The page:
Table 2


Relationship between socio-economic variables and number of fish processing method used by respondents

The regression result (Table 3) revealed the coefficient of determination (R²) to be 0.974, indicating that 97.4% of the variation was explained by the variables. The variables of Age (X1) and House hold size (X2) have positive coefficients and statistically significant at 5% level. This implies that an increase in age and number of people in house hold will facilitates the number of traditional fish processing methods adopted. Education (X4) has a negative but statistically significant relationship at 1% level. This implied that the higher the educational status of the respondent the lesser the chances of participation in the business.


Table 3


Problems confronting fish processors

The Problems confronting fish processors in the study area were identified and ranked in order of severity (Table 4). The most severe problem was; smoke pollution (51.25%) whose adverse effects manifested in the eyes and chest of respondents. .Transportation ranked second (31.25%), due to poor state of feeder roads. Similarly cold season has negative impact as observed, as most of the processors relied on fishes captured from wild. There was a contrary report to the findings of Ibrahim et al. (2011), who reported lack of collateral to secure bank loan as the major problem experienced by women fish processors in Lake Feferuwa fishing community of Nasarawa State, Nigeria.


Table 4

CONCLUSION

The study revealed that traditional fish processing in the study area was mainly adopted by women whose family size and educational status had positive impact on the business. The result of the multiple regressions showed that age and house hold size had positive impact on the number of traditional methods used, while education level indicated negative impact on the number of traditional method used. Smoke pollution, poor transportation network and seasonality of fish were the major problems confronting traditional fish processors in the study area.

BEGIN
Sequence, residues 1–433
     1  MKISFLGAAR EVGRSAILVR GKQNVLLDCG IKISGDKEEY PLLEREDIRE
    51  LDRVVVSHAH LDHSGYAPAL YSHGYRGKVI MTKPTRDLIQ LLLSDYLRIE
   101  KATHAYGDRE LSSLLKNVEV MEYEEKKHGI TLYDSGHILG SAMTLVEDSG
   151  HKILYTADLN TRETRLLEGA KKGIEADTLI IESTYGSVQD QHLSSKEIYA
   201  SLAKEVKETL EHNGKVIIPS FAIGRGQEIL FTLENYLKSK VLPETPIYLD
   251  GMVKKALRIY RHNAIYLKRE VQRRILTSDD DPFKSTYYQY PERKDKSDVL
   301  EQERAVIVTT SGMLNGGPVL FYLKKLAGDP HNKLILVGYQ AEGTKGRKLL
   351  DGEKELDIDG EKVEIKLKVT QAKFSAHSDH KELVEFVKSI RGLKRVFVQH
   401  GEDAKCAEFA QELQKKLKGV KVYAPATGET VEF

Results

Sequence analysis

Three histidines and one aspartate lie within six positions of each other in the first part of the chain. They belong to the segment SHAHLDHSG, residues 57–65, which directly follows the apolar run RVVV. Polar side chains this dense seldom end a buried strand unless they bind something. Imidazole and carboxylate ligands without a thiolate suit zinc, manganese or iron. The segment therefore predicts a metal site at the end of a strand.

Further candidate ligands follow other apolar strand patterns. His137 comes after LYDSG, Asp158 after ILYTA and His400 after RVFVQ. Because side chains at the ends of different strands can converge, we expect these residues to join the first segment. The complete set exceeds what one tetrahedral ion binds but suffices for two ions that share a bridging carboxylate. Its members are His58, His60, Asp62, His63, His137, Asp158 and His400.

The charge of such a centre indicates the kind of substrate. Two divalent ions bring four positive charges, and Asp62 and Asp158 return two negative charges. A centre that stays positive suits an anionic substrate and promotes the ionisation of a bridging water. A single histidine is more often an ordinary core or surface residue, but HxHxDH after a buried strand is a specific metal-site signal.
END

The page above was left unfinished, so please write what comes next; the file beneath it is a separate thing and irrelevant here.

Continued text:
RECOMMENDATIONS

Services of agricultural and health extension workers required more in rural areas. The fisheries unit of agricultural extension agency and research institutes to come up with appropriate or improved method of processing fish locally, with lesser health implication and environment friendly.

REFERENCES

Abu, A. (2015). A Study of Microorganisms Associated with Fish Spoilage in Lokoja, Niger State, Nigeria. Agricultural Economics, 9(4), 68-75.

Adewuyi, B. B., Philip, I. A., Ayinde, I., & Akerele, D. (2010). Analysis of profitability of fish farming in Ogun State, Nigeria, SHUM Ecol, 31(3), 179-184.

Abdullahi, A., Usman, I. S., Girei, A. A. & Ismaila, G. (2016).Examination of Indigenous Storage Methods of Cowpea (Vigna unguiculata) in Mubi South Local Government Area, Adamawa State, Nigeria. Scientific Papers “Management, Economic Engineering in Agriculture and Rural Development”, 16(3), 9-16.

Davies, R. M., & Davies O.A. (2009).Traditional and improved fish processing in Bayelsa State, Nigeria. European Journal of Science Resource, 26, 539-548.

George, F. O. A., Ogbolu, A. O.,Olaye, O. J., Obasa, S. O., Idowu, A. A., & Odulate, D. O. (2014). Fish processing technologies in Nigeria, A case study of ibeju-lekki local government area, Lagos State, Nigeria, American journal of food technology, 9(6), 302-310.

Ibrahim, H. I., Kigbu, A. A., & Mohammed, R. (2011). Women’s experiences in small scale fish processing in Lake Feferuwa fishing community, Nasarawa State, Nigeria. Livestock Research for Rural Development, 23(3), 2011.

Modu, B. (2015). Fish processing and Marketing in Maiduguri Metropolitan, Borno State, Nigeria. Journal of Biological Sciences, 6(3), 45-53.

National Population Commission of Nigeria (2006). Report of National census. Federal Republic of Nigeria Official Gazette. The Federal Government Printer, Lagos, Nigeria.

Olabunmi, A. and Adebukola, F. B. (2012). Determinant of Income from Fish Marketing in Ibarapa Area of Oyo State, Nigeria. Science Journal of Agricultural Research and Management, 6p.

Oluwatoyin, D. K., Stella B. W., & Awujola, A. F. (2010). Indigenous fish processing and preservation amongst women in southwestern Nigeria, Indian journal of traditional knowledge, 9(4), 668-672.

Post Offices-with map of LGA (2012).. NIPOST. Lau, Nigeria- Wikipedia. http://en-wikipedia.org/wikilau._Nigeria. Retrieved 2017-05-20.

Yakubu, M. D. (2013). Effectiveness of Traditional Fish Processing in Preservation of Fish, Hallmark Press, Kaduna, Pp. 67-114.